The Story So Far
It breaks your back. But the bumpy, teeth-grinding ride is worth it; The modest single-storey building in the middle of a rocky wasteland in Bankura may not look like something much from outside, but this is where true ‘poribartan (change)’ has come. In the year 2006, Dr. Pijush Sarkar, after retiring as director of the School of Tropical Medicine, Kolkata and his wife Krishna Sarkar, former Director of Nursing Services invested their life’s savings in this 6.5-acre land in Phulberia – a remote village 250 Km from Kolkata.
18th Oct, 2008 Amader Haspatal started it’s journey inside a single-storey building. In no time, this place started drawing hundreds of patients from as far away as Asansol, Durgapur and even Jharkhand every day. These villagers are unable to reach the urban hospitals because of lack of money and uncertainty about who should they meet and long waiting period.
For a registration fee of Rs 15 (in 2008), patients could get access to the kind of healthcare that is not seen in rural Bengal. They can get medicines for a tenth of the price, blood tests for just Rs 100, and a hearty meal for Rs 10.
They trudge several kilometres on foot, often wading through knee-deep slush, not because treatment is almost free here, but because they get a touch of care. “We have not made it free because that would make them feel small,” explains Pijush Sarkar.
Knowing that qualified doctors will not live in such villages Amader Haspatal focused all its efforts towards building up a centre for teaching and training for Rural Medical Practitioners (RMP, we call them quacks). In the 12 month long Quack Training Program, Amader Haspatal was providing the training for village quacks on basic medical science and most important part of his program was to teach them what they should never do.
And to make the mission even more meaningful, the doctor couple counsels villagers on healthy food habit, rational medicine, bringing about a sweeping change in awareness in this backward region. They have started a coaching centre for the students from primary schools of near-by villages – they also provide them with meals after the class.
|Who We Are|
Foundation for Health Action (FHA) is a non-profit organisation (Trust) without any connection with any political party. The organisers come from different strata of the society, with various expertise with one common goal of social service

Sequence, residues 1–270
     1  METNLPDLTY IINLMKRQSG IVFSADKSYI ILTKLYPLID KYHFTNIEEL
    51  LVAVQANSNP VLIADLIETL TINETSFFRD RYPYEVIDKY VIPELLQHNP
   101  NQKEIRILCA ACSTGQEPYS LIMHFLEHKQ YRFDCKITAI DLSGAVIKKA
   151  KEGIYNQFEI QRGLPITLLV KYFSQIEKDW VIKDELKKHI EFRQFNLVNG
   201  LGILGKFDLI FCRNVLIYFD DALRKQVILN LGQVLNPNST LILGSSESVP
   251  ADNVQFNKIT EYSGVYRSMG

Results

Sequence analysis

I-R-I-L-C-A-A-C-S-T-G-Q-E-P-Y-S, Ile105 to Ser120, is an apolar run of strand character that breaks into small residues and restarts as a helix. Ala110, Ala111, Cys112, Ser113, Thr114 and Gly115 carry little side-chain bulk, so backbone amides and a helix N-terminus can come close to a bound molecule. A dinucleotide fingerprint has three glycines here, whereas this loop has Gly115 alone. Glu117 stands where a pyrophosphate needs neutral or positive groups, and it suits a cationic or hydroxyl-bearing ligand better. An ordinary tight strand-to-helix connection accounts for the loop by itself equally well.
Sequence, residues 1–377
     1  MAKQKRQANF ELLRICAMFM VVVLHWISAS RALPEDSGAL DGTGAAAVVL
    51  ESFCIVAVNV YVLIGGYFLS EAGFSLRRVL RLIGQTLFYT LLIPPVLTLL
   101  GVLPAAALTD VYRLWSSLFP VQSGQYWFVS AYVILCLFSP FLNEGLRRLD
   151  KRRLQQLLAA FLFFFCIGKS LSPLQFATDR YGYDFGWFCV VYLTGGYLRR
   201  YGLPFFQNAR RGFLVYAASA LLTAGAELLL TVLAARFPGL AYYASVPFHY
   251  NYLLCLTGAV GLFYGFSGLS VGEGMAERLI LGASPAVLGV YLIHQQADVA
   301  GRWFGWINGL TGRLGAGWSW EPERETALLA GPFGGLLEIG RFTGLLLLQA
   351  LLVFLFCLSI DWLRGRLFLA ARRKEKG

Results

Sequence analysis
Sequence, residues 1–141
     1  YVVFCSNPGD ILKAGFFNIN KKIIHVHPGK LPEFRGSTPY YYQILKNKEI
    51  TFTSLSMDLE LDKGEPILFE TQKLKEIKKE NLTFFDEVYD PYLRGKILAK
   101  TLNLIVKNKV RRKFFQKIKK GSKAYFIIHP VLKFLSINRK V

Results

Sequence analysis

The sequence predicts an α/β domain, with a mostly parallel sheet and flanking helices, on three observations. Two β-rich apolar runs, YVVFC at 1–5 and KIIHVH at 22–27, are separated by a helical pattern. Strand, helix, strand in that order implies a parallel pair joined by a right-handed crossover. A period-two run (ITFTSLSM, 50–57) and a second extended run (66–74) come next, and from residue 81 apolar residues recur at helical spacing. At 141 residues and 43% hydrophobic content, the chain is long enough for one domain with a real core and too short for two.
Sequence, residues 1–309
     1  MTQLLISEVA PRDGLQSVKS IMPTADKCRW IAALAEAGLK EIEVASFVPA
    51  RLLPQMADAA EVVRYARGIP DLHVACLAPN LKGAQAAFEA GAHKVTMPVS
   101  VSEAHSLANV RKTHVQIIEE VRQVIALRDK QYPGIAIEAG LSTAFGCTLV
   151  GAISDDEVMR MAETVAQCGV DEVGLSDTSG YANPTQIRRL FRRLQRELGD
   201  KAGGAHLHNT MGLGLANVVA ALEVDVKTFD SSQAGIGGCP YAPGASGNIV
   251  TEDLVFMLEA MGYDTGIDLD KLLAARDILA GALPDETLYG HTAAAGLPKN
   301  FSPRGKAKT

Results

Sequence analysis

Mr. S.S Dasbairagi, Deputy Director of Accounts, Finance Dept. Govt. of West Bengal (Trustee)
Dr. Anup Sadhu,Head of Eco-Scan Centre, attached to Medical College, Calcutta (Trustee).
Dr. Asit Chakrabarti,Retired Professor, Bidhan Chandra Agricultural University, Mohanpur, Nadia, West Bengal (Trustee).
Smt. Krishna Sarkar (Trustee)
Prof. Pijus K. Sarkar is Managing Trustee Prof. Sarkar is also the Resident Physician of Amader Hospital (our Hospital). (http://infochangeindia.org/2006040243/Health/Changemaker/BODHI-Contuining-medical-education-for-healthcare-workers.html )
Active supporters and participants:
Dr. Swapan Jana, a retired medical college teacher and a health activist for more than two decades.
Dr. RL Munichakrabarti, Former Prof. and Head of Architectural Engineering, IIT, Khargapur
Mr. Rambilash Behani, Tata Automobile Dealer, Malda. West Bengal .
Mrs. Malati Behani, Social Activist, Malda, West Bengal.
Dr. (Mrs) Subrata Bhadra, PhD, Retired Principal of College of Nursing , RG Kar Medical College , Calcutta .
Mr. Madhusudan Dhar, Retired Civil Service Officer, West Bengal Government.
Dr. (Mrs.) Sanjukta Das, Reader, PG Dept. of Psychology, Science College , Univ. of Calcutta
Prof. MN Majumdar, Former Head of the Dept. of Chemistry & Dean, Faculty of Science, Kalyani University , West Bengal .
More than one thousand supporters have donated (from Rs. one hundred to one hundred thousand) to FHA.
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